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The Long Game

A short-term buy, reno and sell investment became a six-year project for a husband and wife team in Tauranga.


1 June 2021

Good things take time. In Jono and Jessica Nisbett’s case, it took six years to renovate and sell a 1990s 220m2 direct fix polystyrene property that they had originally bought as a flip. But the results were worth it.

The home was bought by the couple in 2014. They didn’t love it: with a green and cream interior palette and covered with leak-prone polystyrene, it wasn’t their “dream home” by any means. But it had potential.

First there were the 360° views of Tauranga Harbour, the Kaimai Range and Mt Maunganui. Another bonus was the location; situated in the desirable suburb of Matua, it had star potential. But the banks weren’t keen.

“Because it was made from directfix polystyrene it was considered risky by the bank, and they required a 50% deposit,” explains Nisbett. “There was also a bit of damp showing in the bathroom, which put people off.”

But as a builder, Nisbett knew he had the skills and knowledge to make it work. In the end, the Nisbetts were the only ones who attended the auction. They secured the property for (by today’s standards) an incredibly low price of $315,000. Then they set to work: they were living in another property and wanted to sell as quickly as possible after renovating.

A designer was brought in to draw up some plans that would maximise the potential of the property and bring it into the 21st century. Once this was completed, consents needed to be granted for a number of changes – including the replacement cladding.

The unattractive polystyrene was replaced by weatherboard, which instantly freshened up the look of the home. This was painted a blue-grey, an attractive colour that reflected the home’s seaside locale and was likely to appeal to a wide range of buyers.

Extensive interior work was also undertaken in the home. It had been owned by a man and his disabled wife: she was in a wheelchair so the home had a lift for mobility. The entire home (which had been built by the previous owner) reflected the tastes and needs of an older couple, so Nisbett had a job on his hands making it suitable for the young family that they envisaged would buy it.

To this end the house was re-gibbed inside, and repainted in a warm grey that reflected the exterior paint job. The second floor was reconfigured completely. The original master bedroom had been small and pokey, and located in the south-eastern corner of the house, with very little sun. There was also no en suite, which the Nisbetts saw as essential.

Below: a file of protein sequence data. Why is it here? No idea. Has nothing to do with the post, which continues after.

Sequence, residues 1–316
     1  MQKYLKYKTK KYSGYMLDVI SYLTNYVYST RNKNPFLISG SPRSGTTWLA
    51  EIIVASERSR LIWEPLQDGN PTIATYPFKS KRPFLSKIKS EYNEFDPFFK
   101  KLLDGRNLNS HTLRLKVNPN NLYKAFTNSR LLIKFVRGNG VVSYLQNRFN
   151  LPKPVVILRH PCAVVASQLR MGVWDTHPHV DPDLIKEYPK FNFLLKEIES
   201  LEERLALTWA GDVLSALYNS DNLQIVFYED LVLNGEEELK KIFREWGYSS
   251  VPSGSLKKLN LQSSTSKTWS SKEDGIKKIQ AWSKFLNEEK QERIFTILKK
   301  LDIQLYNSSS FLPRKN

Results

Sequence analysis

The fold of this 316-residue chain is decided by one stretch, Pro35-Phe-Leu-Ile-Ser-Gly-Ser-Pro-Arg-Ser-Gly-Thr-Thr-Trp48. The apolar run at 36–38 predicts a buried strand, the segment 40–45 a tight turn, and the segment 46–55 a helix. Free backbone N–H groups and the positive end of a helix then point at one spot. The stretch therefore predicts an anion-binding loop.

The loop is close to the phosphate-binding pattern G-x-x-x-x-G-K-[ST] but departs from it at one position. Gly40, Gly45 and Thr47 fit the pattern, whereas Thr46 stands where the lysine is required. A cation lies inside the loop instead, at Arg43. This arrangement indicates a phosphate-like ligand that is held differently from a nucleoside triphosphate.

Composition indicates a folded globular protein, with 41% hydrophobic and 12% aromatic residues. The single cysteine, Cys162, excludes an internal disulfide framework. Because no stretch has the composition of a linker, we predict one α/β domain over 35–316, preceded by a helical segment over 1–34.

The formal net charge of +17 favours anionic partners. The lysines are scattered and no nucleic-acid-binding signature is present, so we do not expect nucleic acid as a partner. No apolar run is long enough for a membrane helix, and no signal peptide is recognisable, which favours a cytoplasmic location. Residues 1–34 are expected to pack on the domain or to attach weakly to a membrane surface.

The kitchen was at the other end of the house, a space with lots of sun. Next to it, a smaller bedroom offered space for the en suite. The new kitchen was relocated to the middle of the house, with a new dining room and living room flowing off from it.

“We used Maleme Street Kitchens for the job, as we had quite specific requirements and they were the only company who were prepared to do it,” laughs Nisbett.

An upstairs deck was extended, with double glazed stacker slide doors providing indoor/outdoor living from the new dining space. A conservatory (which featured a pole that went to the lower floor) was demolished in the new living space upstairs. A road facing wall was removed, and stacker doors were installed to provide flow onto a new deck.

The downstairs bathroom was also freshened up: Nisbett getting a great deal on new sinks, vanity and toilets from Carters.

The main renovation job took a couple of months (the house was empty during this time). The couple’s intention had been to sell quickly, but during this time house prices began to rocket, so the Nisbetts decided to move into their recent reno instead.

And then the babies arrived.

“Jess became pregnant, so everything changed,” says Jono.

The plans of selling went out the window as children became the priority. Two children were added to the family when they lived in the Matua home, but the renovations didn’t stop.

“There were a lot of ongoing projects,” he says.

These included upgrading the driveway, landscaping, putting in place some new balustrades, retrofitting window joinery and a raft of smaller jobs that made the property more desirable.

A spa pool and fireplace were also added to the property, to further increase its desirability at reselling stage.

It would be late 2019 before the home would be popped on the market. They had never intended to live there that long, but in late 2019 they found a rural home that they loved and bought it in November. Finding themselves with a million dollar plus mortgage, they knew it was time to move on.

The house was put on the market in December 2019: but the offers were sluggish pre-Christmas. The new year saw new interest and they had multiple offers, with the house selling for $929,000 in February, just before lockdown.

It was a great result.

“We significantly upgraded our home to a rural location and came out with $5,000 left over,” says Nisbett.

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